"Rio Tinto, Shame! Shame!", people chanted on today's demonstration, waving flags of the Unite union, and holding placards in solidarity with the workers and families at Boron. The American trade unionists sang about "working in the desert, in the mine night and day, for a company that won't negotiate, over decent jobs and pay".

From the other side of the world, protesters from Papua and Bougainville island had brought pictures of the way RTZ metal mining operations destroyed and polluted their environment, felling trees, ripping open a mountainside, and pouring millions of tons of poisonous tailings (waste) into river systems. On Bougainville the company allegedly paid only "slave wages" to black workers, and eventually provoked a war in which thousands died. The company now faces a class action in US courts.

In west Papua, RTZ worked with Freeport-McMoran, a US corporation, which paid millions to the Indonesian military to ensure protection for its operations at the Grasberg mine. According to Indonesia's National Commission on Human Rights, in the 1990s Indonesian security forces indulged in "indiscriminate killings, torture and disappearances", as part of defending the mining companies and suppressing the Papuans' fight for freedom. Two years ago, Norway's government pension fund dropped RTZ from its portfolio because of concern over the Grasberg mine's working.

RTZ's activities worldwide keep generating controversy. It began mining uranium at Rossing in Namibia with a licence from the South African apartheid regime, and now there is concern over its possible export of uranium to Iran, as well as complaints about differential wages for white and black workers, and the use of a well-armed private army to maintain order.

In Colombia last month the constitutional court ordered a halt to Muriel Mining's Mande Norte copper mining project because of lack of consultation of local people. RTZ reportedly has a stake in this. In China, four RTZ executives were jailed in a corruption and commercial spying case.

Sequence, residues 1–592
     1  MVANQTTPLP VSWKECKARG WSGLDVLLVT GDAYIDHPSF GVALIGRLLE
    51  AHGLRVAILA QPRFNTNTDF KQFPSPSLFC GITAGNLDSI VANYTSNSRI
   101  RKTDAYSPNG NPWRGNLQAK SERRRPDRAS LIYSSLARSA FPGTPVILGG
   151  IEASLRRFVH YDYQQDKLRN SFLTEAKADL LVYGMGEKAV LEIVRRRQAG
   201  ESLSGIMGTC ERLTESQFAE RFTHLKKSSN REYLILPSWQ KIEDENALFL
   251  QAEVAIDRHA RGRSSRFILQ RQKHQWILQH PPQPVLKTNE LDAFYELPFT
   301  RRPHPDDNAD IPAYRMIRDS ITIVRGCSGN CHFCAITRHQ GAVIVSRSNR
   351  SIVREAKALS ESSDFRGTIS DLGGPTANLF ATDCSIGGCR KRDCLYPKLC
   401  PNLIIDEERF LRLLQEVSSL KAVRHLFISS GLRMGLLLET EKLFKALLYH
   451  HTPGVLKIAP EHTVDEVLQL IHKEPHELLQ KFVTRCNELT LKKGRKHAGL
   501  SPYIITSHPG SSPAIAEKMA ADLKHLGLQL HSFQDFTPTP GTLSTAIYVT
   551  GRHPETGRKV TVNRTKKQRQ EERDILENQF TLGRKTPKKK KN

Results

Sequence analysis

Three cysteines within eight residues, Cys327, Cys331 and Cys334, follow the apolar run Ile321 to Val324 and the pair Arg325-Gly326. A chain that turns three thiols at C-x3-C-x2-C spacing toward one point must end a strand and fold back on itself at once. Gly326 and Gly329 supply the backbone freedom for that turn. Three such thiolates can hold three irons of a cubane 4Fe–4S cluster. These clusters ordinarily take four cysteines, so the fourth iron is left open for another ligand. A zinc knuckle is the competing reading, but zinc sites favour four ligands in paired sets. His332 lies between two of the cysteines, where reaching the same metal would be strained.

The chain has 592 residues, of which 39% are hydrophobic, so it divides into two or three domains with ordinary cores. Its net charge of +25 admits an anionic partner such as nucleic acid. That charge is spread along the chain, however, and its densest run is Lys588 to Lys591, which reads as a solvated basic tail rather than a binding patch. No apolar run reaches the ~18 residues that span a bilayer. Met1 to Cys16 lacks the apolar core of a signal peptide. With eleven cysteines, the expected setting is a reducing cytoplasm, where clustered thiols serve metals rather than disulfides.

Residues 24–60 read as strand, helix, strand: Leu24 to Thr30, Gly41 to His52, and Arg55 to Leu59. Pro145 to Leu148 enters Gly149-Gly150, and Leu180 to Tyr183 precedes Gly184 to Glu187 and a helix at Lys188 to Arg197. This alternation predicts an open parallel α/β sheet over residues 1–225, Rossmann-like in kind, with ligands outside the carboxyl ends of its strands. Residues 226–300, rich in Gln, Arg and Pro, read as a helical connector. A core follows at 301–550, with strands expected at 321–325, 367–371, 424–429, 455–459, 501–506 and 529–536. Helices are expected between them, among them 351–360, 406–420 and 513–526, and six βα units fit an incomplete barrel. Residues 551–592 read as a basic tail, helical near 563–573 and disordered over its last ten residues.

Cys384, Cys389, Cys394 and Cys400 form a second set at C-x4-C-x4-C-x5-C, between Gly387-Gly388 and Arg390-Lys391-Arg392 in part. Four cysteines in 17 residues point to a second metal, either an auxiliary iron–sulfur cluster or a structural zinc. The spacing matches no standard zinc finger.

Adding to the international character of today's demonstration, a visiting delegation of Belgian docks trade unionists from the port of Antwerp joined us later.

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Tuesday, April 13, 2010

Making War, Using Law

HOW far is British law, as well as police action, being twisted into a means to punish and intimidate anyone who opposes Israeli aggression and solidarises with the Palestinians? We heard Israeli Zionists fuming and raging about the possibility that some of their generals and politicians could be arrested if they set foot here, and charged with war crimes. That arose from a citizens' initiative led, in the first place, by an Israeli born lawyer. First time it was going to be tried the Israeli general was tipped off by someone in the Metropolitan Police, and stayed on his El Al plane at Heathrow. Since then British ministers have done nothing but apologise to the Israelis, and promise to remove the offending legislation.

It's another matter when maintaining 'order' in Britain. Those responsible for the law are far less considerate, or even neutral.

Last year, on my way home from a demonstration in Trafalgar Square over the onslaught on Gaza, I was overtaken by a crowd of angry kids for whom listening to speeches was obviously not enough. They turned left into Shaftesbury Avenue, heading west towards the embassy. Police cars came haring up, disgorging officers who had been taken by surprise and I guessed would be mad at this.